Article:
That same summer I almost fell from my older brother’s bedroom on the second floor trying to wash windows. I almost fell trying to avoid a bee’s nest while standing on a ladder twenty feet in the air while power washing the siding on my parents’ house. In June, I cancelled an under-the-table landscaping job I had at the last minute because of an acute bipolar episode that left me bedridden for two weeks.
So, when the restaurant manager texted me and asked if I wanted the shifts, I said, “Yes,” with absolutely no hesitation. Four hours later, I pulled into my brother’s place in East Central Indiana ready to work for whatever scraps I could get.
And scrapping, I did. I ran between the line at the front of house and the dish room, which was just a hallway leading to the rear storage area with a dish machine casually placed near the back door, carrying stacks of plates, towers of cups, and a mess of sauté pans. When two dishwashers worked together, you’d have to slide past one another, brushing body parts the whole time. Danger lurks everywhere in a kitchen; scrapes and burns and cuts are almost imminent. Heat radiates everywhere. And before every one of these shifts, despite how grueling and unrelenting they’d be, I’d do what most people I’ve worked beside in the restaurant industry call crazy: I’d go for a run.
It was a Saturday, the day before the autumnal equinox. My mileage was right around ninety for the week. So, with nothing else to do, I made up my mind. I was going to finish what I started in July. Remembering California, and as a kind of nod to the Bay and my time spent there, I took the little slip of charred paper I had found at the hearth at Mills and tucked it into my utility belt.
I then went through my pre-run rituals: dynamic movements, plyometric exercises. I cleared my head, took a deep breath, and threw a prayer to the sky.
What I was about to undertake meant everything to me. Deep down there was a feeling that I could still be the person I was before I tried to kill myself. I could (and still can) feel the pressure of having tried to take my own life bearing down on me. Running helped me refocus.
I started out slow, but my paces increased quickly. My first mile was an 8:16. By Mile Four, I was under 7:00/mile, where I would stay until the final mile of the run. I swept through narrow, countryside roads that hadn’t been resurfaced in what looked like twenty years. I passed curious cattle and even more curious farmers, who probably didn’t see determined runners wearing brightly colored spandex rocketing past at 10mph all too often. Miles Eight and Nine were 6:15 and 6:13, respectively.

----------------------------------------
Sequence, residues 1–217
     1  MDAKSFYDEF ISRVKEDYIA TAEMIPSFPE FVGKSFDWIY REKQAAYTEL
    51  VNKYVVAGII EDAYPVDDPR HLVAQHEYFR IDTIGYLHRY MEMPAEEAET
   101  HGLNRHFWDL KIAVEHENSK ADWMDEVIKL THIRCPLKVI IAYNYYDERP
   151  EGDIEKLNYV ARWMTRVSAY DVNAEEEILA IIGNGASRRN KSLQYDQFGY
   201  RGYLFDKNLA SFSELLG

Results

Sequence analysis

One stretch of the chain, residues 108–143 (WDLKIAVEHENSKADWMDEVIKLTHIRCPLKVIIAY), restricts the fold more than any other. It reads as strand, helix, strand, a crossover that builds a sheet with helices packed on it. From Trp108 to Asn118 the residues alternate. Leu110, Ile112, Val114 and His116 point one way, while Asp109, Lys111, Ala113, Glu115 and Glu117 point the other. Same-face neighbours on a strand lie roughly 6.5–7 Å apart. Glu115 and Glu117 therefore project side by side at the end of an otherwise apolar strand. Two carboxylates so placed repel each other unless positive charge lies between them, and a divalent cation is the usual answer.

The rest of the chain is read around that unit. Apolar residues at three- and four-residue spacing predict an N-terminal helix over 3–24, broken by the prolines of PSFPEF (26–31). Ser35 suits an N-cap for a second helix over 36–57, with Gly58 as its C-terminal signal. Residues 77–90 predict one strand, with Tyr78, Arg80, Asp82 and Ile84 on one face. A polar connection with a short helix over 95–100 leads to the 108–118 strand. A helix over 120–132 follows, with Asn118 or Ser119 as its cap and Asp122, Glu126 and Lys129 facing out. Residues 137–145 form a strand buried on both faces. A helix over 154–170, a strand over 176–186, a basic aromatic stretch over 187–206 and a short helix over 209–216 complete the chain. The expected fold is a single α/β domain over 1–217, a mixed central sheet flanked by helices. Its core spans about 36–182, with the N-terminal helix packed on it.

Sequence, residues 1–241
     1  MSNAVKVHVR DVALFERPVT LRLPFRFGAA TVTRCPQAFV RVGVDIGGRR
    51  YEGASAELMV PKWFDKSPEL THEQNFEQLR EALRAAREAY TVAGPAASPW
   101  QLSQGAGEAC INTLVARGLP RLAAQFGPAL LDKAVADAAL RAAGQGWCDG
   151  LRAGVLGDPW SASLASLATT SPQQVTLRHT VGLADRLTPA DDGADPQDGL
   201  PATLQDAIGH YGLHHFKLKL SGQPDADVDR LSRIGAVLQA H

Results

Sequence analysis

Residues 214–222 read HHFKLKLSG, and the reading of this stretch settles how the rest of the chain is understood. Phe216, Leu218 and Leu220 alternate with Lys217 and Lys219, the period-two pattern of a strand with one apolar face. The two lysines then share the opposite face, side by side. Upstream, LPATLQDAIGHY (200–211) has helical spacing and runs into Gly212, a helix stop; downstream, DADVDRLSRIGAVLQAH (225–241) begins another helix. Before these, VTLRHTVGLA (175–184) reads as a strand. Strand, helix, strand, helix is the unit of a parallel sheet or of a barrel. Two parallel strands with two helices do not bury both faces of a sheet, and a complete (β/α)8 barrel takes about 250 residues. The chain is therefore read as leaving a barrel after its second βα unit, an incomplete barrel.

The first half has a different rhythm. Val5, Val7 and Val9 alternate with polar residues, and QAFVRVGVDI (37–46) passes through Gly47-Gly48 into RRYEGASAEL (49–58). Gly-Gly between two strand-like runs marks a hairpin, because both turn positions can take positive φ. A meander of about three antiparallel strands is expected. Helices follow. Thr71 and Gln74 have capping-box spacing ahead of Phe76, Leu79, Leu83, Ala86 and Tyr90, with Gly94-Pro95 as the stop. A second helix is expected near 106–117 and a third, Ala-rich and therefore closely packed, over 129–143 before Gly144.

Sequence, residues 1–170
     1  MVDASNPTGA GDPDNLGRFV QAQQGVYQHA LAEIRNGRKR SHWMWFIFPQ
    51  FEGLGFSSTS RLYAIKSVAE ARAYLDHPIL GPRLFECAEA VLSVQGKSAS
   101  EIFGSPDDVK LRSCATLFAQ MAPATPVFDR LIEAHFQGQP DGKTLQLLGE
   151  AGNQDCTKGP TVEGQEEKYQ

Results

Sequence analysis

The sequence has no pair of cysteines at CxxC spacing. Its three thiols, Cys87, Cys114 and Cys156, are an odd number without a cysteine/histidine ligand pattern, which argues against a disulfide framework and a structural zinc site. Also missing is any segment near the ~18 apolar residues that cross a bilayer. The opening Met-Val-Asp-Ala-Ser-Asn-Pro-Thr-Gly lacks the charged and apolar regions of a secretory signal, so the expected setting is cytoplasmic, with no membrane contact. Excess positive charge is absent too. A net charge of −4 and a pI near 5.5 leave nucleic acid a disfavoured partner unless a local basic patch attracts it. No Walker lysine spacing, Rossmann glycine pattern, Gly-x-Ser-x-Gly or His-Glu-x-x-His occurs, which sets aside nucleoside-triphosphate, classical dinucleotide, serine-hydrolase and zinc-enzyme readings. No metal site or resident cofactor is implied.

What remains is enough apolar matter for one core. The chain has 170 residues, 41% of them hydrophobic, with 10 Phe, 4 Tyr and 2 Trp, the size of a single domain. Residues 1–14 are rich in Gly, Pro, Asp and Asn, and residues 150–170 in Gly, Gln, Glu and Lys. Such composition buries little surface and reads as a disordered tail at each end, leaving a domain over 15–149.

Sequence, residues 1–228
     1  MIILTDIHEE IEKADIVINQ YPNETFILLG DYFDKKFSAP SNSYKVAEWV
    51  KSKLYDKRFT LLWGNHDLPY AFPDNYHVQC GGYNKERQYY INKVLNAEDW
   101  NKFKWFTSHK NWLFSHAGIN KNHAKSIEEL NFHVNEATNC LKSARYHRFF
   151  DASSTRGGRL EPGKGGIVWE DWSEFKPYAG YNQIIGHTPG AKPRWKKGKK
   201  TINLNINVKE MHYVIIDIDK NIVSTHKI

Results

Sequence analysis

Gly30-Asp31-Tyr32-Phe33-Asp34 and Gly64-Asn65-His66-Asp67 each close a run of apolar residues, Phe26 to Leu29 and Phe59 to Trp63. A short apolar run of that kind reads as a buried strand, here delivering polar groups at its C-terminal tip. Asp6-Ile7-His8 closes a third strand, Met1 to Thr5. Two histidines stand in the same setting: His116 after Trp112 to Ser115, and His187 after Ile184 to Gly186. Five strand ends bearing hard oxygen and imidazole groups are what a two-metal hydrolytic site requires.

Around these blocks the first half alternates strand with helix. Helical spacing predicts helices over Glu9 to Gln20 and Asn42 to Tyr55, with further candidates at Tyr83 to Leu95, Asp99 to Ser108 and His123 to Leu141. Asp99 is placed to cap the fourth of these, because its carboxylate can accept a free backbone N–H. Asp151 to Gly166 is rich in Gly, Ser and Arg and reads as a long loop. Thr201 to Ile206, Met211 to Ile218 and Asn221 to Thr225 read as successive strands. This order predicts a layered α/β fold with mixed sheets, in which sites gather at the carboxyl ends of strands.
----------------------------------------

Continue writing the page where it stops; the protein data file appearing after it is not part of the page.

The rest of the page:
Mile Ten was my biggest challenge and what I had worked toward for months. Logging Mile Ten meant 100 miles on the week for the first time in over two years. I could feel the music I was listening to, a song that powered my training for my first Boston in 2011, radiating throughout my body. I could feel it in my fingertips all the way down to my toes. I was floating on air. My pace picked up even more, and with a quarter-mile to go, I reached into the utility belt strapped to my waist and pulled out the small, singed piece of paper.
It was time.
There’s a part in the song “Optimistic” by Radiohead that climaxes with a haunting howl by band front person Thom Yorke. Yorke sings sarcastically about little pigs and their duty to society, potentially a reference to George Orwell’s Animal Farm. Either way, the song was nearing the climax, and the piece of paper was in my hand.
“Scream,” it said.
I thought about the night I tried to commit suicide. I thought about graduating and then having to battle for my degree all over again. I thought about living at home with my parents as a thirty-two-year-old. I thought about having no money. I thought about having no job. I thought about being lonely. However, I thought about how far I’d come most of all.
So, when my watch beeped to signal my tenth mile, singed piece of paper held high in the air, music transporting me back to 2011 and the left turn onto Boylston, I felt seven years of sweat and blood and gruel roil within my heart. I took that fucking piece paper, representative of hours upon hours of work on what would eventually become my very first published novel, flung it as hard and as far into the Indiana cornfields as I could, opened my mouth, and screamed.